The transition from childhood to adolescence is filled with uncertainty, new experiences, and change. This is often the period when we learn who we are, who we want to be, and how we fit in with the world and people around us.  For many, this time can bring personal growth, but also deep vulnerability. So it is not surprising that facing a serious illness during this life stage poses additional coping challenges. For example, cancer survivors who were diagnosed as adolescents have greater psychological distress than younger or older adult survivors. More than 50% do not pursue adequate cancer-related follow up care. Similarly, the prevalence of depression in adolescents and young adults (AYAs) with Type 1 diabetes is two to three times greater than in in non-diabetic youth. While the specific illness-related challenges may differ, potential strategies to overcome them, such as building up resilience, transcend diagnosis.

Yet until investigators at Seattle Children’s Research Institute set out to develop an intervention to promote resilience, tools to help AYAs build psychological and physical well-being in the face of stress did not exist. Led by Drs. Abby R. Rosenberg and Joyce Yi-Frazier, the Promoting Resilience in Stress Management (PRISM) intervention is designed to help AYAs develop skills in four distinct areas: stress management and mindfulness, goal setting and problem solving, positive re-appraisals of stressors, and meaning-making and benefit-finding. The intervention has been tested in early clinical trials among adolescents and young adults with cancer. Promising results and positive feedback from patients and their parents prompted Drs. Rosenberg and Yi-Frazier and the Seattle Children’s Hospital Digital Health team to partner with Artefact and General UI for the design and development of a digital proof of concept. Their hope is that it will not only replicate the core interactions of the current paper tool, but enable Seattle Children’s to deliver a self-guided experience to a broad set of patients at any time.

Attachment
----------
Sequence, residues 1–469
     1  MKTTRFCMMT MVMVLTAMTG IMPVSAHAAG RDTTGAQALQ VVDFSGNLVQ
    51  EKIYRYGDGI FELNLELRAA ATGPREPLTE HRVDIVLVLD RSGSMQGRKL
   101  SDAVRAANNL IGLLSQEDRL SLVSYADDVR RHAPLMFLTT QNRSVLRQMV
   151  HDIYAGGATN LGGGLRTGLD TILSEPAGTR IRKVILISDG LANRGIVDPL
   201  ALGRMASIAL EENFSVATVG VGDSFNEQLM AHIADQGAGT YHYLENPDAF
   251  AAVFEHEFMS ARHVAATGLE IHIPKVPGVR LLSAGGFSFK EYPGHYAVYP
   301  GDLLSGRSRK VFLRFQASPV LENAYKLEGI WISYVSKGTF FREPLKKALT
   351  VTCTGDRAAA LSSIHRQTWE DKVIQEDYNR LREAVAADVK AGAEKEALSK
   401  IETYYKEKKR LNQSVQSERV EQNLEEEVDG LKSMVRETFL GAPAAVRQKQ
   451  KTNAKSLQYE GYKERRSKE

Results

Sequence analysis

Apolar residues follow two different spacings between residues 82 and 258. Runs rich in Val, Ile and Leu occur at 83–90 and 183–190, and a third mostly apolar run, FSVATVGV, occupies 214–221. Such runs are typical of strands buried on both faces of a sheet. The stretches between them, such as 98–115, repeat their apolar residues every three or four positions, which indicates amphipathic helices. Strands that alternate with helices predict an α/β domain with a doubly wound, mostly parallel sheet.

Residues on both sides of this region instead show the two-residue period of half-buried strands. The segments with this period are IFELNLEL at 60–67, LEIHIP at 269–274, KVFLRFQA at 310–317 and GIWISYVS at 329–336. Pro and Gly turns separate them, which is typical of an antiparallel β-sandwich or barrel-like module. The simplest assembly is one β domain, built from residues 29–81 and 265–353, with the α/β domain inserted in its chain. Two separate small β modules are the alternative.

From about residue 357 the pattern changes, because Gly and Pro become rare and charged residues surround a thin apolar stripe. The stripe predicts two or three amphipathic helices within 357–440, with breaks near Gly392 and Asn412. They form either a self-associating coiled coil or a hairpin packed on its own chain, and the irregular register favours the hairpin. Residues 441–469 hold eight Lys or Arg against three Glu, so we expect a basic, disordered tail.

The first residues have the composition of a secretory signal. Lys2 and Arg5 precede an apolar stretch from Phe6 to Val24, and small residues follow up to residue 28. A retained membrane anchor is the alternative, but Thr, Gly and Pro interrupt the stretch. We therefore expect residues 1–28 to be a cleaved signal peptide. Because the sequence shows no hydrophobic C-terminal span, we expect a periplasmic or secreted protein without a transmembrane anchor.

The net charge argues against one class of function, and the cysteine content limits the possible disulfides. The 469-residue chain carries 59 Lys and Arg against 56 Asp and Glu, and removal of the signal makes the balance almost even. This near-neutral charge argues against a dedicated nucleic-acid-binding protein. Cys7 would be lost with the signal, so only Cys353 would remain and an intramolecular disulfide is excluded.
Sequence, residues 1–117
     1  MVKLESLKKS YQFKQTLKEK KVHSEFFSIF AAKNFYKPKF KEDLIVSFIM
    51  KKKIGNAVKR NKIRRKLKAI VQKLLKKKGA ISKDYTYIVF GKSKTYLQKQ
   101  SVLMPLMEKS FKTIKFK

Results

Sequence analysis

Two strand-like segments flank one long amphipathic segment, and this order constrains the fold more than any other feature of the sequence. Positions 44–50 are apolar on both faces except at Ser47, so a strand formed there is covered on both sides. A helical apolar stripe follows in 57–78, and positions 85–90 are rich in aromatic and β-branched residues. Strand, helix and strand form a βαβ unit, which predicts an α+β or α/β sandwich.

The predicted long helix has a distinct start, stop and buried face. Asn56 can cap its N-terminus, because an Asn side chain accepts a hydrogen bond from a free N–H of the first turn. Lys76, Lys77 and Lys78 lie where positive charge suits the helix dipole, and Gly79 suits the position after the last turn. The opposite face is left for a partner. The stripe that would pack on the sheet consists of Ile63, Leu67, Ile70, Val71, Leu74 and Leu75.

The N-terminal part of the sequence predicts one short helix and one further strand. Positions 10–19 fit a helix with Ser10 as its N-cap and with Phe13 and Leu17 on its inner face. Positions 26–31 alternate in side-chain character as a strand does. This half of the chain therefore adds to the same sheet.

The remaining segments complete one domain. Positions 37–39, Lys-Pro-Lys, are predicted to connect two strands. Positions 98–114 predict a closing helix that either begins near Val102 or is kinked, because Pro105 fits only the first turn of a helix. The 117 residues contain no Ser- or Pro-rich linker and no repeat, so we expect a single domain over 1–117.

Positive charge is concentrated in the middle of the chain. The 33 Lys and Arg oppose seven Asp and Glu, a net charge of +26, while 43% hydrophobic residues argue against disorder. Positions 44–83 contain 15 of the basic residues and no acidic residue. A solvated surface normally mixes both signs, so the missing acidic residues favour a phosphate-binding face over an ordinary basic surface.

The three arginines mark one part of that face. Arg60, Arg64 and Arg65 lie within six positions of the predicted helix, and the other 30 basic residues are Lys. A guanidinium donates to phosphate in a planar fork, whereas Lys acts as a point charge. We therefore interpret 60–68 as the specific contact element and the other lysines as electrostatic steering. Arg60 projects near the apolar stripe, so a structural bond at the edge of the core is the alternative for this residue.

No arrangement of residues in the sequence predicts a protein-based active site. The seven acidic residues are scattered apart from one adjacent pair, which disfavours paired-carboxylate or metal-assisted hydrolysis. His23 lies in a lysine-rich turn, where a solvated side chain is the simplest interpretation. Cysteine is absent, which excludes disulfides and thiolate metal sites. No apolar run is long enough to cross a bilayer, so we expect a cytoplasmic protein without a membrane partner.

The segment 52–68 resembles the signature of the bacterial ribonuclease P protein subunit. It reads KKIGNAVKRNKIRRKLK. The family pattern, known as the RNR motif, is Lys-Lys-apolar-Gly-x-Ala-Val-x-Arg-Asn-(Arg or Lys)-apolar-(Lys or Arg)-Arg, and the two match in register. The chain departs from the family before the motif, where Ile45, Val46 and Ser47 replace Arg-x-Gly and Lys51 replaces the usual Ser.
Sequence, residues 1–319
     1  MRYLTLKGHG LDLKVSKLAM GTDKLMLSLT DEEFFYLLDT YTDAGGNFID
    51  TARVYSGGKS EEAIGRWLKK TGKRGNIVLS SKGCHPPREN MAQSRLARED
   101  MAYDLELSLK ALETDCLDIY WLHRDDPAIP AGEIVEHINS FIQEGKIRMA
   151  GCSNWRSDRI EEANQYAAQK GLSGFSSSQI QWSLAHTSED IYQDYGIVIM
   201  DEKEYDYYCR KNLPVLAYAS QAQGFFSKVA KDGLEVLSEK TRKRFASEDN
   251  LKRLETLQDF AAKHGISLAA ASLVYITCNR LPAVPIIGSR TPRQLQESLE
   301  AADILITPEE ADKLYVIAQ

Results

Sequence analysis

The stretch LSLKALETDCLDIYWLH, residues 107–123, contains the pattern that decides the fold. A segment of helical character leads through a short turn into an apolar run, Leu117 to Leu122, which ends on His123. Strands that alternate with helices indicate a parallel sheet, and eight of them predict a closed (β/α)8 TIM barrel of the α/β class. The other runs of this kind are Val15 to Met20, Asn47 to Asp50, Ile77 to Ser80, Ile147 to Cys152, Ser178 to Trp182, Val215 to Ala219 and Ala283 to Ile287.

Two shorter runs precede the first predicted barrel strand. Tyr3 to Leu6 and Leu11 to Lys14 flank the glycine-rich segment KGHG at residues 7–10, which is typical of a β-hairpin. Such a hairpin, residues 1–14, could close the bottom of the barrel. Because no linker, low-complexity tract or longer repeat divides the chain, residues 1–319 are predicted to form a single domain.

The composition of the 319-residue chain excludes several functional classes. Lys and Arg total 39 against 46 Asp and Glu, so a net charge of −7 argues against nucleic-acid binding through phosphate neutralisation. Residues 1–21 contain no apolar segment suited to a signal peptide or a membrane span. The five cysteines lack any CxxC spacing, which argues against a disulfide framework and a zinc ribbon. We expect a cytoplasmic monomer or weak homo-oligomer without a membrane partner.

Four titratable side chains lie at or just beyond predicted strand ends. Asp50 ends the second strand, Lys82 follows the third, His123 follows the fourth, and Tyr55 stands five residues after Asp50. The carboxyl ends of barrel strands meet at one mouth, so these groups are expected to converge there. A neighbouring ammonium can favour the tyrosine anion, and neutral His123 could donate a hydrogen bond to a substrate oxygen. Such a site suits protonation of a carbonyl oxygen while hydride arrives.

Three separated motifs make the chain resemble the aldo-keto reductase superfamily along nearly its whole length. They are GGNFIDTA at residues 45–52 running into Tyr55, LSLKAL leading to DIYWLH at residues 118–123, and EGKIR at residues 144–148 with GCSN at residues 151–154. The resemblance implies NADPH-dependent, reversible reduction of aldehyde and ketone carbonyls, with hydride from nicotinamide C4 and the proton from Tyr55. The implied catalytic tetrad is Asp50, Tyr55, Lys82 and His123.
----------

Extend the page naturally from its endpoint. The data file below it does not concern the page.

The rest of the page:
“Although PRISM seems successful in our early trial results, we already recognize that its potential is limited.  This partnership with Artefact and General UI will generate a version of PRISM that is widely accessible, speaks the language of teens and young adults in a savvy digital platform, and most importantly, meets the needs of patients and families navigating adversity caused by a serious illness,” said Rosenberg.

The PRISM + Artefact Team

Increase the impact of the intervention: The digital tool could be delivered to virtually unlimited number of patients, who can use it when they need it the most, regardless of the availability of researchers at the bedside. In addition, the partnership aims to reach teens and their families on personal devices when not at the hospital, to coach and nudge them to continue in their practice. We will explore engagement with the curriculum, in hopes that the digital interface enhances participation.

Accelerate our understanding of the effectiveness of resilience techniques in digital environments: Through focus group discussions and user evaluations, as well as analysis of the longitudinal usage data, we will gain clear understanding of the patient experience and the effectiveness of the different training modules.

Demonstrate that through thoughtful design and outcome focused thinking, technology can augment the impact of the work of researchers, scientists and healthcare providers: In addition, we hope to show that digital interfaces like this expand the impact research-driven hospital  interventions can have on patients across the US and beyond.

“We want to bring the research-driven PRISM program to more teens and their families,” said Dr. Wendy Sue Swanson, pediatrician and Chief of Digital Innovation at Seattle Children’s. “The experience of illness during adolescence provides a profound opportunity to nurture lifelong skills in resilience and stress management. With Artefact’s elite design skills, General UI’s architecture and Dr. Rosenberg’s fastidious research, we have a marriage of unique skills that allow us to leverage the PRISM program to reduce suffering not just here in Seattle but for teens and families experiencing stress and illness elsewhere, too. The partnership affords us a chance to reduce suffering at scale and we’re thankful to begin the work and iteration process to understand how to support even more children and their families.”

This latest pro-bono initiative builds on Artefact’s focus on creating meaningful patient-centric solutions. Through rich healthcare experience and deep expertise in behavioral economics and empathy, our goal is address not only the physical aspects of an illness, but the emotional a